The news is surprising. Buick hasn't offered a Regal coupe for 15 years, and there has been no hurry to replace it until now. Like station wagons, mid- and full-size two-doors seemed like a body type that had become obsolete.
Big coupes were Detroit's style and performance leaders from the '20s to the '70s. Engineers loved them because the absence of rear-door openings made the bodies more rigid, and designers adored them because their sweeping lines and classic proportions made them more fun to style.
Nobody apparently asked rear passengers who had to climb around seat backs and sit with their knees under their chins. The inefficient use of space along with better-looking four doors and expensive crash requirements eventually spelled the end of the big coupe.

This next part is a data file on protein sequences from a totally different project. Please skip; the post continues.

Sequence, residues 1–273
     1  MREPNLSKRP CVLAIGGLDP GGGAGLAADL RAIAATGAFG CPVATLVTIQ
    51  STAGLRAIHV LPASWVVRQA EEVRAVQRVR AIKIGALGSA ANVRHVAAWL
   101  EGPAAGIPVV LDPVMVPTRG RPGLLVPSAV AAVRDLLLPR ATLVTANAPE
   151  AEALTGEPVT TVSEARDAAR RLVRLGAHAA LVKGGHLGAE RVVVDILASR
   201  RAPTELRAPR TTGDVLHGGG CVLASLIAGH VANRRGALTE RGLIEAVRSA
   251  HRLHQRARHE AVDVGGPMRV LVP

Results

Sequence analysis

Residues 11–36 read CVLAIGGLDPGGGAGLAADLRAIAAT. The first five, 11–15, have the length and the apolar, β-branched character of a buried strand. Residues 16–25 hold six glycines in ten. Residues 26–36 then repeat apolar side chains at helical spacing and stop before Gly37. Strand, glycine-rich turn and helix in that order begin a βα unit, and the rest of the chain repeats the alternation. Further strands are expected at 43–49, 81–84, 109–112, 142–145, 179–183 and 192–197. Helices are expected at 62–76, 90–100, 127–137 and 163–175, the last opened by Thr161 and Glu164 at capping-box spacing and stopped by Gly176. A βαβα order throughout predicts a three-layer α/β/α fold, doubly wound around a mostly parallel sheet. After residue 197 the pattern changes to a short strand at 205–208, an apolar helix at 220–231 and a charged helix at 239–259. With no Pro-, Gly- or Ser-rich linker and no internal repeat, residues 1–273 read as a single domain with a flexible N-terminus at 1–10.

But before they became extinct, big coupes were kings of the automotive jungle. Herewith, some notables of the last 60 years:
Get `em while they last. Road-burners are fast becoming an endangered species. More
|NYT subscribers dropping paper over climate column|
|Kelly Ripa teases the end of her hunt for a co-host|
|U.S.: We'll pay for missile defense system in South Korea (for now)|
|Can you actually become a millionaire on an average salary?|
|Trump can't stop U.S. jobs from leaving|